Your mindset can be thought of as the mental framework through which you organize and direct your thoughts about the outside world.
Your beliefs emerge from the intersection of your experiences, the things you hold dear, and the thoughts that cross your mind.
Therefore, there is no question that it progresses over the course of time.
However, the important question is whether or not this has an impact on your life.
The relationship between one’s mental state and their actions has been the subject of much discussion throughout the entirety of human history.
It is a trending subject that has required a significant amount of investigation.
In light of the foregoing, the purpose of this article is to investigate whether or not a person’s frame of mind can influence their actions or whether this is merely a myth.
There are a number of factors that contribute to why it can be challenging to maintain healthy routines or learn new skills.
However, the most difficult obstacle to overcome is almost always located within your own head.
The Link Between Mindset And Behavior
The things you believe about yourself and the stories you tell yourself have the power to either stifle or foster the development of new abilities.
And this provides a response to the question that was asked.
Yes, one’s frame of mind can have an effect on their behavior because actions are the direct result of one’s thoughts and how one interprets the world around them.
A person who is not motivated to improve himself and has a fixed mindset would behave differently from someone who is motivated to improve and has a growth mindset.
My own life has taught me that the only way I know to change the kind of person you think you are — to build a new and better identity for yourself — is to do things that don’t seem important but are done on a regular basis.
Here’s an example that I recently read in one of James Clear articles.
A year ago, Leah Culver began running. This is how she explains …
“I started running a year ago. I didn’t entirely start from scratch. In the past, I jogged every once in a while, maybe once a month.
My first run was just two miles at 12 minutes per mile. That’s pretty slow. However, for a non-athlete I felt fairly good about it. I jogged a couple more times that week. After a couple weeks of regular jogging, I set a goal for myself.
I knew I would never be fast enough to impress anybody so it didn’t make sense to make speed my goal. I could have picked a race to train for, a 5k or half miler, but I knew how those ended. Everyone seems to quit running right after their big race. I wanted to do something different. I wanted to not quit.
My goal involved not going too long between runs. If I skipped more than a couple days, wouldn’t that be quitting? So I started running four and five days a week. The longest I went between runs was three days when I was in Hawaii for vacation.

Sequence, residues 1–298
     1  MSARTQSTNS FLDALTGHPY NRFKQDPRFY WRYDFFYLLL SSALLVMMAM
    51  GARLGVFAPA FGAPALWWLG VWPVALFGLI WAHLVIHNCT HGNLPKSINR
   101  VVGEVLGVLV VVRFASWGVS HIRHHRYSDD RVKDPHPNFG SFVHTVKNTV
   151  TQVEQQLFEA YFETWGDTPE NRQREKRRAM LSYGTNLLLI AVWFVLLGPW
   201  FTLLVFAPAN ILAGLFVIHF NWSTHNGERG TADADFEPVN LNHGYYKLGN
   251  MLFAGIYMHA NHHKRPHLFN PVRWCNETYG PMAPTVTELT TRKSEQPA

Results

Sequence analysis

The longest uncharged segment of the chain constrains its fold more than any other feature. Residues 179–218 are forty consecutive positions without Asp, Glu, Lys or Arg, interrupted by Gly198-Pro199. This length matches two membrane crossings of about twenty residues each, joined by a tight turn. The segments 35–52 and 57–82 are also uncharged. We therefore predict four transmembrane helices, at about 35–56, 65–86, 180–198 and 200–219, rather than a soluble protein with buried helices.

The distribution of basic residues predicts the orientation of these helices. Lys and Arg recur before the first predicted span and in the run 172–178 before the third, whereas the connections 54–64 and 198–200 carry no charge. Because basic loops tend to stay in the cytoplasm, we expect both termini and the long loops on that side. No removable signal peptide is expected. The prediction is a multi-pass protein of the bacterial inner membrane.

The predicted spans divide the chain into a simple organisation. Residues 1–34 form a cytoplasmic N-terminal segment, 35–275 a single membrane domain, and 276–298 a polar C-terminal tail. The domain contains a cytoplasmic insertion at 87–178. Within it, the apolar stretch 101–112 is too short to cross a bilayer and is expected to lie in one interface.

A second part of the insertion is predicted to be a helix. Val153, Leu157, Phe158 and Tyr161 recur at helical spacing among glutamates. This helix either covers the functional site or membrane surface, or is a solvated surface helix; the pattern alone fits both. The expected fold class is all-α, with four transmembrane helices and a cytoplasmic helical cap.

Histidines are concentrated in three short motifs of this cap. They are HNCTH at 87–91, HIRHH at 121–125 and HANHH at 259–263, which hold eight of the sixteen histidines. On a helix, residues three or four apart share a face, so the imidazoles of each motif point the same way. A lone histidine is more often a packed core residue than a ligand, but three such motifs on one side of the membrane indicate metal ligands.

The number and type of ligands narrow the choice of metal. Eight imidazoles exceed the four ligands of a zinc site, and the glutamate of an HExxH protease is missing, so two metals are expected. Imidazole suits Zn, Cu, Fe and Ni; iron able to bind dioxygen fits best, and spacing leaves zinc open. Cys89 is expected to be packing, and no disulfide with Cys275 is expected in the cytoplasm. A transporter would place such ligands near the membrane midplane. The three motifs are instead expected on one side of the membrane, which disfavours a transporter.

My goal made all the difference. I was still slow, but I could at least feel good that I was running a lot. I’d have good days where I would run fast and feel great but I also had lots of bad days where I was tired and just didn’t feel like running. In retrospect those days were almost better than the good days because they reinforced my goal — I didn’t quit.
I ran my first 5k on Halloween, nearly five months after I had taken up running as a hobby. I wore a costume — fairy wings — and tried to keep up with a random guy with an owl on his head. I finished in 28 minutes and was super happy. I learned that racing wasn’t always about being the fastest, but doing my personal best.
I signed up to run a full marathon in December, hired a running coach, and set a regular running schedule.
I’ve started to think of myself as a runner.
If you would have told me a year ago that I would be working out almost every day and running 100 miles a month I would never have believed you. Running really snuck up on me. I had modest aspirations and didn’t really care if I was great at running.
I just wanted to stick to my one goal: don’t quit.”
She did not begin by considering how the outcome might turn out. She did not lose sight of the task at hand. Her main concern was to be present. Her main concern was to maintain the established routine. Her main focus was on “not giving up.”
Daily practice is essential for becoming one of the top musicians. The most talented athletes train each and every day.
People who have a fixed mindset limit their own potential for growth because they have a strong faith in their own intrinsic abilities and a crippling dread of making mistakes. On the other hand, people that have a growth mentality put a lot of effort into their work and their training so that they can eventually reach their full potential. This means that yes, mindset is linked to our behavior.
Without first making the necessary adjustments to one’s mindset, there will be no real change in behavior.
In the absence of a shift in mindset, you will continue to perform the behaviors that are aligned with your current mindset, and despite the fact that you are aware of how to perform your new skill, you will never use it.